From a safe distance at Disney’s Animal Kingdom, I watched a momma and her three cubs snack on something fowl. They tore into the meat, chewing down to the bone, maneuvering around cartilage to get at every morsel.
Nearby, the poppa removed the skin from his portion of the feast and popped it into a trash can.
“I used to feed them to my dog,” says Paul Scott, father of the carnivorous clan.
This fact does not seduce me, a confirmed non-leg man, although Scott’s three young daughters appeared to find them finger-licking good. The overgrown snack is too messy, too Cro-Magnon, too mysterious for my taste.
But, looking around almost any Central Florida theme park, I declare myself in the minority.
Turkey-leg stands are scattered everywhere. Folks go hog-wild for them on the edge of Jurassic Park at Islands of Adventure, at a SeaWorld Orlando lakeside stand, at a cabin at Epcot’s American Adventure. I saw a woman shred a leg at Holy Land Experience.
Disney says it sells 1.5 million pounds of turkey legs a year, and that translates into pop-culture appeal: Disney guests buy T-shirts emblazoned with a turkey-leg design — and Rice Krispies treats molded in the shape of the turkey legs.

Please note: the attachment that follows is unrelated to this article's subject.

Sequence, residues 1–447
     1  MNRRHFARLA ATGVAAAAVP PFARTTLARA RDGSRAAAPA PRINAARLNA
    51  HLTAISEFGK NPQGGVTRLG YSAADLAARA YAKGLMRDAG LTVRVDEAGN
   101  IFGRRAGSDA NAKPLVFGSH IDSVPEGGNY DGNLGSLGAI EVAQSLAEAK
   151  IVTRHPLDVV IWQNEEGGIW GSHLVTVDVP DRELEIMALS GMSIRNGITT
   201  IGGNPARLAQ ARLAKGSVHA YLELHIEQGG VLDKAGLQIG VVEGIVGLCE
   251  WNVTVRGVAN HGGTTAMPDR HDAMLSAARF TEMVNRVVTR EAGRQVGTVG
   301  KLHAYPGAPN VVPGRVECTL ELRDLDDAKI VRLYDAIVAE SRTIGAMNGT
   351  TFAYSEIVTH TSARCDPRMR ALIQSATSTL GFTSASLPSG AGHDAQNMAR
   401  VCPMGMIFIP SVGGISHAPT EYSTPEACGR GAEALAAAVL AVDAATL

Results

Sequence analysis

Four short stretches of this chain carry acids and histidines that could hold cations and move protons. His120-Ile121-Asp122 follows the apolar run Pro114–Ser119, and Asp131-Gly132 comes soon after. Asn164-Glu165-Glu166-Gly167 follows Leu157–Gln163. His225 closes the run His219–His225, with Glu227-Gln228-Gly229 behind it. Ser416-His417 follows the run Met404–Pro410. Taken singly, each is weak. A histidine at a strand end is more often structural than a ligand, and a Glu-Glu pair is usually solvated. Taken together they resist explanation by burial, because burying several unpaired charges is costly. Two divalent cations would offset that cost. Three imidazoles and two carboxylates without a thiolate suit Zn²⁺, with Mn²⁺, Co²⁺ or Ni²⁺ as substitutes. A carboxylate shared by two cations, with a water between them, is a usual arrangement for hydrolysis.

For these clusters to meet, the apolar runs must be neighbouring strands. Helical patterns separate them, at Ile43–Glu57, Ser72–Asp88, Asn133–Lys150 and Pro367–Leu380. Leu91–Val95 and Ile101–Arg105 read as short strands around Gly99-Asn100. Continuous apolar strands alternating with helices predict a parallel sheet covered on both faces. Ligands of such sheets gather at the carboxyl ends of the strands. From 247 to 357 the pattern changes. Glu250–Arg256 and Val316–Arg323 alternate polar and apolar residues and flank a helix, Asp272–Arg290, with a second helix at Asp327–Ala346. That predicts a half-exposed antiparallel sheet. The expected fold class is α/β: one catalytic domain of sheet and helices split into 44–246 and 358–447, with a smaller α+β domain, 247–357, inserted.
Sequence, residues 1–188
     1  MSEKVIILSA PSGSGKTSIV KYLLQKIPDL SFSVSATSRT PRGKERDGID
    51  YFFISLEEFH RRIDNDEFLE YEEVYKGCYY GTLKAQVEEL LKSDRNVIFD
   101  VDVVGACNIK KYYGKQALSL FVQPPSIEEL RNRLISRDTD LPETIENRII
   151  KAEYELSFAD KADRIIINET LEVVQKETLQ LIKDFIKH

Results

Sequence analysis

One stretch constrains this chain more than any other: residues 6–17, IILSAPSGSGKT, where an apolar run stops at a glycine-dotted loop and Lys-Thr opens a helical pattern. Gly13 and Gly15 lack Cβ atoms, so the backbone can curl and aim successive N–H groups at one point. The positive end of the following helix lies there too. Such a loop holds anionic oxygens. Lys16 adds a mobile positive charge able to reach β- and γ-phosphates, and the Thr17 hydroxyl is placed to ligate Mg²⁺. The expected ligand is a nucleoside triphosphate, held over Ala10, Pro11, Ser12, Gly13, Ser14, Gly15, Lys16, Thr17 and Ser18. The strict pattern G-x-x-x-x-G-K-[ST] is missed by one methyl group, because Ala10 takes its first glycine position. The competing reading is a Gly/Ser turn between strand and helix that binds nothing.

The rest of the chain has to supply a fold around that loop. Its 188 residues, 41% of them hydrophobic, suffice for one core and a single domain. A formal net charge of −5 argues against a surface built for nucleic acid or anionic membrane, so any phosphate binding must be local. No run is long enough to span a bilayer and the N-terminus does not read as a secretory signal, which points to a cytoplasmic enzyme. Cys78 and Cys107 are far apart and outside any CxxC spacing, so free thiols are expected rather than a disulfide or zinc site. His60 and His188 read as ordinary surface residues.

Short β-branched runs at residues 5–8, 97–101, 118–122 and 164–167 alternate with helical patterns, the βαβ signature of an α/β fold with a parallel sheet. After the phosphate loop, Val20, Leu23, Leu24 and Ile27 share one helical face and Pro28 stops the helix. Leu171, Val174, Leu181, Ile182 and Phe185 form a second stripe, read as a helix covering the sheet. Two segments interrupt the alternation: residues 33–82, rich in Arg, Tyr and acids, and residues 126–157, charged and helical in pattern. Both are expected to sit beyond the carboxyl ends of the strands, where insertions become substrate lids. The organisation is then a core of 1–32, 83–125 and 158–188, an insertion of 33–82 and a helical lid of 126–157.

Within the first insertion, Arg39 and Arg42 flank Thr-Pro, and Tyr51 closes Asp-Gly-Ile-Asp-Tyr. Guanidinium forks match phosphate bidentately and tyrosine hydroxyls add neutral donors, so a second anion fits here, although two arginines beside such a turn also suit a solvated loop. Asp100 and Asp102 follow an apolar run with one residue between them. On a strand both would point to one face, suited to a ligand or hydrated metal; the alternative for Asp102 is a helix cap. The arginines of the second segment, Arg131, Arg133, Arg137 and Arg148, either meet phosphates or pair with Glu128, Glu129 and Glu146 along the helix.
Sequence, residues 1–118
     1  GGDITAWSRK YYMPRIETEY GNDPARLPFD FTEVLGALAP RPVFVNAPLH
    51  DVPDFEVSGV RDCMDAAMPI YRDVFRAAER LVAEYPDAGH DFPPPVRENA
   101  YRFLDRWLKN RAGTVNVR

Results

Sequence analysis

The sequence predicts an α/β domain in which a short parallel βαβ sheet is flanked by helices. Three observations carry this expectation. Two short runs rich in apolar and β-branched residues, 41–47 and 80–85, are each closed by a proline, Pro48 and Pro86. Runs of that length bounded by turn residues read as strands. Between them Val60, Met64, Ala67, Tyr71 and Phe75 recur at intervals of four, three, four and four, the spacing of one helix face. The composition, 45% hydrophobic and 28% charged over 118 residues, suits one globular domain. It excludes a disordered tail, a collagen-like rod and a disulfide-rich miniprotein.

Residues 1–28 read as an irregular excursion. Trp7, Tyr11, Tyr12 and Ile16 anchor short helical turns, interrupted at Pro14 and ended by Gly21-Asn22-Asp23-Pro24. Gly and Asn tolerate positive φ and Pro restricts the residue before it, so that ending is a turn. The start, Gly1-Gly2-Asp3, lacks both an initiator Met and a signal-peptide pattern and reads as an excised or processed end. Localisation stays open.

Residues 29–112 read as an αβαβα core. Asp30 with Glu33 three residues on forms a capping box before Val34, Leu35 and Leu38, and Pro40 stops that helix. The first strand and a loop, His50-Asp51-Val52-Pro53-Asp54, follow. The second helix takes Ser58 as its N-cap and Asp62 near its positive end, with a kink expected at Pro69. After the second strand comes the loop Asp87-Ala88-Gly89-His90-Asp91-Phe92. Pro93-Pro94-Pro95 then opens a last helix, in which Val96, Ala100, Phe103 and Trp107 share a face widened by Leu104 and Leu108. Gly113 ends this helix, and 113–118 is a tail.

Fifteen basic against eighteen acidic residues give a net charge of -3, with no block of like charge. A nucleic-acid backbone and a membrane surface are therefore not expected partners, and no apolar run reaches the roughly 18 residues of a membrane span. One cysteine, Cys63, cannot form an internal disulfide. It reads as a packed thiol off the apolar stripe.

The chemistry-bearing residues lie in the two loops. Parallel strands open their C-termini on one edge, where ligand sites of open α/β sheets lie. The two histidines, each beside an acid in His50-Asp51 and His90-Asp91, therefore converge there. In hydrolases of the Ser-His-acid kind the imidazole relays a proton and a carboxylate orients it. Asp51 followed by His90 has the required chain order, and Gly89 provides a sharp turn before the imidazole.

What am I missing? What’s their draw? The taste? The smell? The carefree, “I’m-on-vacation” attitude they represent?
The addictive qualities of emu meat? (More on that later.)
“It’s like an ice-cream cone, but it’s meat; it’s better,” says Amanda Griffin, visiting Animal Kingdom from Cape Cod, Mass. Her brother, Justin Griffin, likes the on-the-go convenience (“It’s good marketing”) and the taste.
“It’s not dry. It’s dark meat. It goes good with beer,” he says.
The hands-on, extreme throwback feel appeals to Jennifer Warren of Easton, Pa.
“When are you ever given the option to be caveman-like?” she says.
Turkey legs are a favorite food of Andrew Zimmern, host of Travel Channel’s “Bizarre Foods.”
“With the turkey, I can walk, I can gnaw, I can pull pieces off, I can put it down,” he says. “And I just love salty, smoky, meaty. … It’s an American classic.”
But it’s not emu, Zimmern says, despite persistent rumors that park guests are eating another kind of flightless bird other than turkey. He speaks from emu experience, having eaten emu meat in Australia.
“I can put everyone’s mind at rest. It can’t be emu. It’s too big,” he says. “And the meat would be a little more beefy. Emu has the consistency of turkey leg but the flavor of roasted veal. It’s got mild beefiness to it and a little more metallic.”
An emu leg would be about eight times the size of a turkey leg, says Tim Williams, director of media productions at Gatorland, a longstanding South Orange Blossom Trail attraction with a handful of emu on its property.